Reuters: Military judge Col. Denise Lind on Tuesday found U.S. soldier Bradley Manning not guilty of aiding the enemy – the most serious charge he faced for handling over documents to WikiLeaks. She found him guilty of most of the other 20 criminal counts in the biggest breach of classified information in the nation’s history.
The U.S. government was pushing for the maximum penalty for what it viewed as a serious breach of national security, which included battlefield reports from the Iraq and Afghanistan wars, while anti-secrecy activists praised Manning’s action as shining a light on shadowy U.S. operations abroad.
Army prosecutors contended during the court-martial that U.S. security was harmed when the WikiLeaks anti-secrecy website published combat videos of an attack by an American Apache helicopter gunship, diplomatic cables and secret details on prisoners held at Guantanamo Bay that Manning provided the site while he was a junior intelligence analyst in Iraq in 2009 and 2010.
The Guardian reports: Colonel Denise Lind, the military judge presiding over the court martial of the US soldier, delivered her verdict in curt and pointed language, writes Ed Pilkington from Fort Meade: “Guilty, guilty, guilty, guilty,” she repeated over and over, as the reality of a prolonged prison sentence for Manning on top of the three years he has already spent in detention dawned.
The one ray of light in an otherwise bleak outcome for the Army private was that he was found not guilty of the single most serious charge against him – that he knowingly “aided the enemy”, in practice al-Qaida, by disclosing information to the WikiLeaks website that in turn made it accessible to all users including enemy groups. Lind’s decision to avoid setting a precedent by applying the swingeing “aiding the enemy” charge to an official leaker will invoke a sigh of relief from news organisations and civil liberties groups who had feared a guilty verdict would send a chill across public interest journalism.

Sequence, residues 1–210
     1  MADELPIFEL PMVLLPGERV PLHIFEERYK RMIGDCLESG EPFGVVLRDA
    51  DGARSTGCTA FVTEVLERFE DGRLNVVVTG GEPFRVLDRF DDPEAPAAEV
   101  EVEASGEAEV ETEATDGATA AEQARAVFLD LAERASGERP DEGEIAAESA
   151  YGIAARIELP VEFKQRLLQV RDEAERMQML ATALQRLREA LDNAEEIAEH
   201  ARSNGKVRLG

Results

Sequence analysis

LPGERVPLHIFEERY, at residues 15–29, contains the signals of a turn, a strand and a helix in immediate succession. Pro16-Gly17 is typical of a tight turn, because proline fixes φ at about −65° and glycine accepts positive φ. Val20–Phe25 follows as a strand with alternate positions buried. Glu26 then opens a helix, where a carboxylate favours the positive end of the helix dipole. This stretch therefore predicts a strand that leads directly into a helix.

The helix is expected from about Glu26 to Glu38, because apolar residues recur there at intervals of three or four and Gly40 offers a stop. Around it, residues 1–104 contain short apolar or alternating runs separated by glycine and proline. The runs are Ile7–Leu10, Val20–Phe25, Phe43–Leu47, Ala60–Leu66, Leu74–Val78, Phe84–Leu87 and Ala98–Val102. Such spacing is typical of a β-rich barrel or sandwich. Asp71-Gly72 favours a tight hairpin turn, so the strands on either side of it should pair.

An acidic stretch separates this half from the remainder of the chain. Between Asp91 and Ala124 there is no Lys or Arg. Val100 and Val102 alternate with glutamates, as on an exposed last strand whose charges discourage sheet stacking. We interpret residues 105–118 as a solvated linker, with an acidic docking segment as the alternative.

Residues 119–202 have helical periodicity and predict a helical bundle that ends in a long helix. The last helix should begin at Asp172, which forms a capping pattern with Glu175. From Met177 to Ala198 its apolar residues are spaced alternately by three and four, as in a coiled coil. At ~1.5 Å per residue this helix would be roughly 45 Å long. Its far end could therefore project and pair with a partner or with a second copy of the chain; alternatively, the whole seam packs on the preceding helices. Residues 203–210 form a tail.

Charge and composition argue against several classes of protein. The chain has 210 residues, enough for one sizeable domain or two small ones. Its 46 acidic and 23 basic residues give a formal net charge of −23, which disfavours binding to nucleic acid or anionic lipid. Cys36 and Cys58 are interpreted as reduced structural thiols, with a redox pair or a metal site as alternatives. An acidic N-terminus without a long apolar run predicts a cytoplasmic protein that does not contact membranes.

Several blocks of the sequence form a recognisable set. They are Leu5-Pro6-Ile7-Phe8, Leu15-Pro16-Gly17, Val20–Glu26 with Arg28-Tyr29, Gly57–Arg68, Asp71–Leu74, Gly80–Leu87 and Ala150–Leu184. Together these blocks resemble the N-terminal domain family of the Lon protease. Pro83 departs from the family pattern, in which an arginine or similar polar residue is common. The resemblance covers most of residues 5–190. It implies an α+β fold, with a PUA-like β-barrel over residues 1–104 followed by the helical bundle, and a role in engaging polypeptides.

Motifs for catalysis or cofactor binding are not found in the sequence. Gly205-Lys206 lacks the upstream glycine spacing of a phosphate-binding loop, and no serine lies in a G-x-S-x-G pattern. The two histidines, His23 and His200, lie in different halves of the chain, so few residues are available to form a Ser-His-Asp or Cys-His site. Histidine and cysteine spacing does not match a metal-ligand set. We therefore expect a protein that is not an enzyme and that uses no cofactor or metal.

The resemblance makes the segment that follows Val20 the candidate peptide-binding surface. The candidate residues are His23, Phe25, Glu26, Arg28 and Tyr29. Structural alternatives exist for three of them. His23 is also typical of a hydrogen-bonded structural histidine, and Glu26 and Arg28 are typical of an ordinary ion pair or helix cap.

Lind also found Manning not guilty of having leaked an encrypted copy of a video of a US airstrike in the Farah province of Aghanistan in which many civilians died. Manning’s defence team had argued vociferously that he was not the source of this video, though the soldier did admit to later disclosure of an unencrypted version of the video and related documents.
The judge also accepted Manning’s version of several of the key dates in the WikiLeaks disclosures, and took off some of the edge from other less serious charges. But the overriding toughness of the verdict remains: the soldier was found guilty in their entirety of 17 out of the 22 counts against him, and of an amended version of four more.